Shopping at a luxury brand store is as much about the in-store experience as it is about the purchase—or at least it used to be. E-commerce revenue from accessories and retail is predicted to be $86 billion by 2018. One would expect most luxury brands to have caught on to e-commerce, but 40 percent of luxury brands are not available online.These brands clearly place a premium on brick-and-mortar locations, but they are missing out on what BNP Paribas analysts have dubbed “the next China”. Launching an online store is not a cop-out—it is the brand proving it can replicate the luxury shopping experience online as well as offline. Kenna Wynne-Jones, social media manager for bebe, agrees that “priorities are shifting toward mobile and social conversion, and e-commerce.”
The Resolution: Seamless omnichannel marketing
Coach realized it was time to rethink its retail efforts after seeing revenues drop in 2014. It had also been criticized for diluting its presence with too many outlet stores. Coach’s response? A strong omnichannel marketing strategy focusing on building an e-commerce platform that rivaled its physical store location. Coach’s digital platform ranked as the best in the industry in a 2014 report by Exane BNP Paribas. The report rated luxury fashion brands for their digital reach and customer experience, and put Coach, Burberry, and Tiffany & Co. at the top three spots for delivering seamless experiences both online and offline.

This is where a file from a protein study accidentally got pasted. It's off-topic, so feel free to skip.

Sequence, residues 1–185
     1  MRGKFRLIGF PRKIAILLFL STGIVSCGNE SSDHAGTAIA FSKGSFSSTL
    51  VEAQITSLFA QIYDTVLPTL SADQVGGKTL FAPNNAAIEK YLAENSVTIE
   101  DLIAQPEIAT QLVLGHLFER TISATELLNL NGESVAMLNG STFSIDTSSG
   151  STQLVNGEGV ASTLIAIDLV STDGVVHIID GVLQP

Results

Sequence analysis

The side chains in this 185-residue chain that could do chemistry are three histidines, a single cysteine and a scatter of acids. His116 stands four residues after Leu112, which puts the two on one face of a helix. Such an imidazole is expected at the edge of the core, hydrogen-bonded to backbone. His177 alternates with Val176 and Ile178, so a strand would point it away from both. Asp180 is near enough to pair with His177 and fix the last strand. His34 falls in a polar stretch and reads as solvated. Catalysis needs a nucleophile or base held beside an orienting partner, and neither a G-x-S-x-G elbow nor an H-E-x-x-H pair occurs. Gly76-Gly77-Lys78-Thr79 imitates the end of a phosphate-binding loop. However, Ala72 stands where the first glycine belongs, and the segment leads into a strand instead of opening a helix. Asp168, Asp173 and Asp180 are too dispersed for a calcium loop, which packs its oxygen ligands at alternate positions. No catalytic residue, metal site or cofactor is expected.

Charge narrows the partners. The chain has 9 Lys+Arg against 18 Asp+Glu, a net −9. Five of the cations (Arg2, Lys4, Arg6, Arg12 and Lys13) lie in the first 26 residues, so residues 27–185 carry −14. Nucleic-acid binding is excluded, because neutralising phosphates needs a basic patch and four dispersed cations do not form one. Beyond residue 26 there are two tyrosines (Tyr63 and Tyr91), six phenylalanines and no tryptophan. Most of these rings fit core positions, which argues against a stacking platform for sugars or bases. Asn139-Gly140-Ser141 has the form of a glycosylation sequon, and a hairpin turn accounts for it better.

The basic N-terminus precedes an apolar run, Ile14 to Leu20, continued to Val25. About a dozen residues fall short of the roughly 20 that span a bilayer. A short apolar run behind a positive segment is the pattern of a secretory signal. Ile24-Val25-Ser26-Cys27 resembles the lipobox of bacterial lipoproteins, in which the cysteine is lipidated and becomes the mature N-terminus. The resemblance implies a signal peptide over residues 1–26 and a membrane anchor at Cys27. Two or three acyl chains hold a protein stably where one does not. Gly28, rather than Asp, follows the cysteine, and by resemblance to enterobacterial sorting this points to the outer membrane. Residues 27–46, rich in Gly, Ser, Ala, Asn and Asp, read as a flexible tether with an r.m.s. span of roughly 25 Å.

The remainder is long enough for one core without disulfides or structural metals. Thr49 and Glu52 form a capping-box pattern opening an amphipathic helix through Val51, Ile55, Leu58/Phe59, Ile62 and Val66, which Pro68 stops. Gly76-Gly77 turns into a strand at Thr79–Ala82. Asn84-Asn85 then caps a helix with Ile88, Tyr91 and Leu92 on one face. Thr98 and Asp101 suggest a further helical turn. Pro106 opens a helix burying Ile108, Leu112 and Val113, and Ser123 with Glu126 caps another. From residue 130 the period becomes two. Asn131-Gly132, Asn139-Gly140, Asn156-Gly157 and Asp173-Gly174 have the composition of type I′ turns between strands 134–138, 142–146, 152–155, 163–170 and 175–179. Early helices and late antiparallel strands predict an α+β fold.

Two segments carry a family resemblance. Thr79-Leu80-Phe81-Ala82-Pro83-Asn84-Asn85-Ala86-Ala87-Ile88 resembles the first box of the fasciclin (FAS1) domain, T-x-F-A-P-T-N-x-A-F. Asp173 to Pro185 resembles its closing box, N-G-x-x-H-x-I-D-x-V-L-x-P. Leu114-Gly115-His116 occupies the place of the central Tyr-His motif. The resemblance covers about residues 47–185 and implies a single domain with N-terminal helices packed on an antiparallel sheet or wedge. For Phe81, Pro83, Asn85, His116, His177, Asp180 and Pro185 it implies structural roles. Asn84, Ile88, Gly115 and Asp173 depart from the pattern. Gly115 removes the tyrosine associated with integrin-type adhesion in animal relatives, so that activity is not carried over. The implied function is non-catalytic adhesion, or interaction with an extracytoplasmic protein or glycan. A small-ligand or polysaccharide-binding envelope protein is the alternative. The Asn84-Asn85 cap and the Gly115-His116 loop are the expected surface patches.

Their success lay in translating the exclusivity of an in-store purchase to the virtual store, replacing the in-store customer service with the individually tailored convenience that luxury brand loyalists value. Coach’s online store includes films on the making of its leather bags, and the option to web-chat with one of its handbag specialists while choosing a bag—recreating its in-store experience for the digital customer.
The new-age fashion company is a tech company
Luxury fashion is no longer the domain of iconic standalone brands. There is a steadily growing army of fashion tech startups bringing luxury brands into a single retail space and carving out a distinct brand for themselves in the process. Designer eyewear startup Warby Parker is building a lifestyle brand out of a single product, purposefully making the digital shopping experience thoughtful and social (customers can try on eyewear at home). Its physical stores serve as marketing collateral rather than profit generators, turning traditional offline-to-online marketing on its head. Co-founder Neil Blumenthal calls the stores “synergistic”, since 85% of the brand’s retail buyers have already browsed online.
And online fashion marketplace Spring proves that high-end brands can maintain their authenticity on e-commerce portals. On Spring, brands can choose which items they sell and how their products are presented on the app, keeping the shopping experience brand-centric.
Integrating technology into fashion doesn’t have to look as complex as Burberry’s 100-screen showroom or Diane von Furstenberg’s Google Glass eyewear. Lines between digital experiences and physical products are blurring, leaving a huge opportunity wide open for fashion to answer questions technology might neglect. As technology gets smarter, it has to get more stylish if it’s going to become a lifestyle—and that’s where fashion comes in. With fashion tech companies of the Warby Parker variety redefining the way fashion does business, luxury brands must prove they can innovate just as well.